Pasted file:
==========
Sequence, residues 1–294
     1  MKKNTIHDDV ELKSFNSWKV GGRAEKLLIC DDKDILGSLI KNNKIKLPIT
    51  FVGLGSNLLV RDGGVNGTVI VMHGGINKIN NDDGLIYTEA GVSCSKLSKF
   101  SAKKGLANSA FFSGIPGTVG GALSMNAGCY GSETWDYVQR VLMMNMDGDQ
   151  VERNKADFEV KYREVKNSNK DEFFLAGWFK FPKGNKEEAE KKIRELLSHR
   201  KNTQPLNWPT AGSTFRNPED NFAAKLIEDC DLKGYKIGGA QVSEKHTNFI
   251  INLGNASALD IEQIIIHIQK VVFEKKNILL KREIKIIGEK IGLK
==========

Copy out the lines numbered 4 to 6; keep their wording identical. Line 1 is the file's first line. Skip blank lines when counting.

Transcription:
   101  SAKKGLANSA FFSGIPGTVG GALSMNAGCY GSETWDYVQR VLMMNMDGDQ
   151  VERNKADFEV KYREVKNSNK DEFFLAGWFK FPKGNKEEAE KKIRELLSHR
   201  KNTQPLNWPT AGSTFRNPED NFAAKLIEDC DLKGYKIGGA QVSEKHTNFI